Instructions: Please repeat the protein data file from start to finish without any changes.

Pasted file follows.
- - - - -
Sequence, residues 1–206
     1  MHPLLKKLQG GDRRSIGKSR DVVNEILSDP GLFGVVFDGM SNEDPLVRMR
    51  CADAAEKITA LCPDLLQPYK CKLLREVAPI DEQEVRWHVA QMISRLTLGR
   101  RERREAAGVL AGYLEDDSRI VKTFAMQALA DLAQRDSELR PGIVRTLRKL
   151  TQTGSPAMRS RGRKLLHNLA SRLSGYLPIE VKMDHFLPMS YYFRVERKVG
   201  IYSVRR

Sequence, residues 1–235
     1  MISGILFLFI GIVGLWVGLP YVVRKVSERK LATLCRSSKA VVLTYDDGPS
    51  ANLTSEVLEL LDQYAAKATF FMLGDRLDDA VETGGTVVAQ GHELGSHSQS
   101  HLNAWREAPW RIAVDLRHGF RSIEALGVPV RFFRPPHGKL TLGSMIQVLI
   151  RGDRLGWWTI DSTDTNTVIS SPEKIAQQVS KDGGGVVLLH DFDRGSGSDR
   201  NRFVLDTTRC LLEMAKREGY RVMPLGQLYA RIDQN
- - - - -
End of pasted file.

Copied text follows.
Sequence, residues 1–206
     1  MHPLLKKLQG GDRRSIGKSR DVVNEILSDP GLFGVVFDGM SNEDPLVRMR
    51  CADAAEKITA LCPDLLQPYK CKLLREVAPI DEQEVRWHVA QMISRLTLGR
   101  RERREAAGVL AGYLEDDSRI VKTFAMQALA DLAQRDSELR PGIVRTLRKL
   151  TQTGSPAMRS RGRKLLHNLA SRLSGYLPIE VKMDHFLPMS YYFRVERKVG
   201  IYSVRR

Sequence, residues 1–235
     1  MISGILFLFI GIVGLWVGLP YVVRKVSERK LATLCRSSKA VVLTYDDGPS
    51  ANLTSEVLEL LDQYAAKATF FMLGDRLDDA VETGGTVVAQ GHELGSHSQS
   101  HLNAWREAPW RIAVDLRHGF RSIEALGVPV RFFRPPHGKL TLGSMIQVLI
   151  RGDRLGWWTI DSTDTNTVIS SPEKIAQQVS KDGGGVVLLH DFDRGSGSDR
   201  NRFVLDTTRC LLEMAKREGY RVMPLGQLYA RIDQN